Cyberbullying is bullying using electronic devices to initiate repeated negative behavior toward a less-powerful person. Electronic name-calling, shunning and shaming are all forms of cyberbullying. So are spreading rumors, gossiping and making threats online. Washington’s anti-bullying law includes the prohibition of cyberbullying.
What can parents do?
Teach, Monitor, and Report!
Actively monitor your child’s social media use/access by:
- Creating a written Internet safety plan. Set rules for Internet (social media, e-mail, etc.) use by drafting a list of what information NOT to share online, and plans for unsolicited online encounters. Have your teen sign the plan and post it near the computer.
- -Encouraging your children to save messages and report them
-Talk with your child about the media sites they are using, learn from them
-Set aside time to explore the internet together
-Know your child’s friends and parents (where they may have different online privileges/access)
-Block websites or use control features to protect your child from using a site (e.g. blocking software or search online “parent control features”
-Be aware that a smart phone gives your child access to the internet anywhere, anytime.
- Talk frequently with your child about social media risks/concerns.
- Educate your teen to not share any personal contact information on a social media site. If it appears that there are threats being made to your child online, immediately contact local law enforcement. Make copies of what is posted, and preserve the site to show police. They will need to see the live evidence and electronic data.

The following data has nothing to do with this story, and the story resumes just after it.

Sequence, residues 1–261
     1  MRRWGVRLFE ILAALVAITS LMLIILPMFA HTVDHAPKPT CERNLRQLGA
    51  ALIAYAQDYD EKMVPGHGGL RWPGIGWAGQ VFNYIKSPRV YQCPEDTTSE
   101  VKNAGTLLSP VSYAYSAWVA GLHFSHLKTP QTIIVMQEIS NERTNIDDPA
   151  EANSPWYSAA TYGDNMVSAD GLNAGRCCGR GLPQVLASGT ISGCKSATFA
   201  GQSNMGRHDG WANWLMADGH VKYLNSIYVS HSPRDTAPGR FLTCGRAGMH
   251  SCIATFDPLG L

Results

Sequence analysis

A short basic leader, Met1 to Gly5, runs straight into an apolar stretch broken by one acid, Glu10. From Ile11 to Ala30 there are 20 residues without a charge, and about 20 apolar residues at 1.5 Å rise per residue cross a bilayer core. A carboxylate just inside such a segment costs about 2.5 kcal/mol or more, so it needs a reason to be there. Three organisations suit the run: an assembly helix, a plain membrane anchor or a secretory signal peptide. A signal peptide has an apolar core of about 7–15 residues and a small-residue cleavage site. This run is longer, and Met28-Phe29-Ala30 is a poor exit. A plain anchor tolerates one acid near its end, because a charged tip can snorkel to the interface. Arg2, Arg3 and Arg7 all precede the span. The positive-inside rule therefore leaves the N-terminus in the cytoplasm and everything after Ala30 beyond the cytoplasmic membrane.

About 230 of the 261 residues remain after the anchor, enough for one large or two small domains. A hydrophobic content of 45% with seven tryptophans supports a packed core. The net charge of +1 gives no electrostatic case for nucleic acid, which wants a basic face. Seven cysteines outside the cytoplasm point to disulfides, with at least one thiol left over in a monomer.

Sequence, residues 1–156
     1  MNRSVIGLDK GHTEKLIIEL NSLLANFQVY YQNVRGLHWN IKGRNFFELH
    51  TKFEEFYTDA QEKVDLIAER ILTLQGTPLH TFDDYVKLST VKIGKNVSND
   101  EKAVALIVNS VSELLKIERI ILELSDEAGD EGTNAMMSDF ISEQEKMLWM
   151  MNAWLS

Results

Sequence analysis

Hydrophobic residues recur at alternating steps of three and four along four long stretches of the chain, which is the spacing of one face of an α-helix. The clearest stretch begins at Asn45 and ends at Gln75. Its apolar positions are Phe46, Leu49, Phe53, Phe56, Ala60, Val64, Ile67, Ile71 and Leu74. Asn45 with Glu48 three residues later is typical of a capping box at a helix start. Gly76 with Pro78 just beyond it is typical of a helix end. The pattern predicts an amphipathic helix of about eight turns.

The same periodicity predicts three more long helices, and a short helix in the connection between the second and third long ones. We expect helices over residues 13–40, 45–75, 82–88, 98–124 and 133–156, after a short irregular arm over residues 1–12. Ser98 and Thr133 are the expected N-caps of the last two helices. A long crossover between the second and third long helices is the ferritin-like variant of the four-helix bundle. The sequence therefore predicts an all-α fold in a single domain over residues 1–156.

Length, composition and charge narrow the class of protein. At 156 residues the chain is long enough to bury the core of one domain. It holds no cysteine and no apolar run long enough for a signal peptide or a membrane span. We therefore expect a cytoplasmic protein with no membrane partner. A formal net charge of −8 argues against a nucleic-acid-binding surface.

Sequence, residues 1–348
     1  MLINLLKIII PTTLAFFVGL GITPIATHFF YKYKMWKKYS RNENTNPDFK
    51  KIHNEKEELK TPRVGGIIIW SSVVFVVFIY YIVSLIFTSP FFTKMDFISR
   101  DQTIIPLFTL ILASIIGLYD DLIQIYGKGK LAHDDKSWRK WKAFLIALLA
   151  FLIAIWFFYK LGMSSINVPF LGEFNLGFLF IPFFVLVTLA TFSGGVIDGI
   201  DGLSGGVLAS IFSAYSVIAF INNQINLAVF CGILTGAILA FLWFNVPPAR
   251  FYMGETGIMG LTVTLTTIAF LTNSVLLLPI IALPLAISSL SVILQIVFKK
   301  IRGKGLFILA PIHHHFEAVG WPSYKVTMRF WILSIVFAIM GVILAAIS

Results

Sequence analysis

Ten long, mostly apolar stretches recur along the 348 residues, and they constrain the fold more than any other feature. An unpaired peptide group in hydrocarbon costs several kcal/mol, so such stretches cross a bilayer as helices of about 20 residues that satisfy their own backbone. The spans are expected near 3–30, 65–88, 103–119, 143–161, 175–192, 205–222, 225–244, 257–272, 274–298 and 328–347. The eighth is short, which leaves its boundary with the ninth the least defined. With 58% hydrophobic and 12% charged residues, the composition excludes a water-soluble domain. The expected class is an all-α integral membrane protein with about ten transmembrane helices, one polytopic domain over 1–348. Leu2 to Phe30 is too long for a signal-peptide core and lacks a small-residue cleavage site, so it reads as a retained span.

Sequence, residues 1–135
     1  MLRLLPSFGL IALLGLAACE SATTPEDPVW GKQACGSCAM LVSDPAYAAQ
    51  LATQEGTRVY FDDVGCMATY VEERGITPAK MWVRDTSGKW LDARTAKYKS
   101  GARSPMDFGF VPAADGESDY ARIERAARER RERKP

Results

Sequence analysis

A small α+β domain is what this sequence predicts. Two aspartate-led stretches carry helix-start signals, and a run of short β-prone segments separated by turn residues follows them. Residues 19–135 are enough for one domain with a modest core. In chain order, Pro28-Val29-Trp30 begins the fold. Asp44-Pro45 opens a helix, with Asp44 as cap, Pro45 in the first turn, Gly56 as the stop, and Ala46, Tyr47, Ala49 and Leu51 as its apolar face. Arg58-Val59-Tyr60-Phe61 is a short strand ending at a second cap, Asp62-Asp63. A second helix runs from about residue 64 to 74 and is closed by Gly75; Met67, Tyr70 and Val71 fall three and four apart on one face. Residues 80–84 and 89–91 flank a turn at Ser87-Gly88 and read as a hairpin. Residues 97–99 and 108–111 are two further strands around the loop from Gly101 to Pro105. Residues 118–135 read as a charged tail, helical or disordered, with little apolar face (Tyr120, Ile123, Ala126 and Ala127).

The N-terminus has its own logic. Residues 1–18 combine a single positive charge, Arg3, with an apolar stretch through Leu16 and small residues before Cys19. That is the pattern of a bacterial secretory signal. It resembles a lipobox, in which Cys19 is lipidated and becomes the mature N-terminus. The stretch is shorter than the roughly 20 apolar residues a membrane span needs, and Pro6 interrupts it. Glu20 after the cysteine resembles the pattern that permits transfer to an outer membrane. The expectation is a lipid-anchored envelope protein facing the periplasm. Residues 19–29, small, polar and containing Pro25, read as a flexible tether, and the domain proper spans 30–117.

- Often, many texts and social media contacts are made at night, after your child has gone to bed. Many students report that they wake up multiple times during the night to send, or respond to, messages. Consider having your teen turn in their phone to you every night before bed, getting it back the next morning.
- Encourage your child to report concerns/information to local police or school administrators
- Refrain from posting anything on ANY social media website that pertains to the criminal investigation (avoid interactive behavior on social media websites, Facebook, twitter, ask.fm, etc. that may jeopardize or harm the investigation). This also includes RE-posting information that others post. This will also preserve the safety of our children.
- Update your contact information with the schools, please make sure contact information is current. Check your email and phone messages regularly. Stay tuned for updates via the district website.
- Contact the counseling office at your child’s school if it appears that online bullying is affecting your child at school. The schools want to team with you to provide wrap-around support.
Below are some suggestions to become more actively involved in prevention efforts:
- We strongly encourage parents (and students) to report any concerns or information to local police. Call 911.
- Ask schools about trainings/participation opportunities.
- Assist with school safety – become a volunteer by contacting your school today!
Digital Safety Resources
(Note: All links are in .pdf format)
- Questions Parents Should Ask
- Parent Tips on Social Networking
- Students Guide to Personal Publishing
- Top 10 Tips for Teens; Responding to Cyber-bullying
- Educating & Prevention Ideas for Teens
- OSPI Safety Center Information
- OSPI Safety Links
- Good & Bad Teen Apps Parent Guide – Safe, Smart & Social—Teaching Students How to Shine Online
- Other Resources for Cyberbullying – a ton of resources via the Cyberbullying Research Center website
- Social Media Resources:
Visit the Harassment, Intimidation and Bullying webpage for more information
For more information, visit the OSPI Safety Center Webpage on Cyberbullying & Digital/Internet Safety.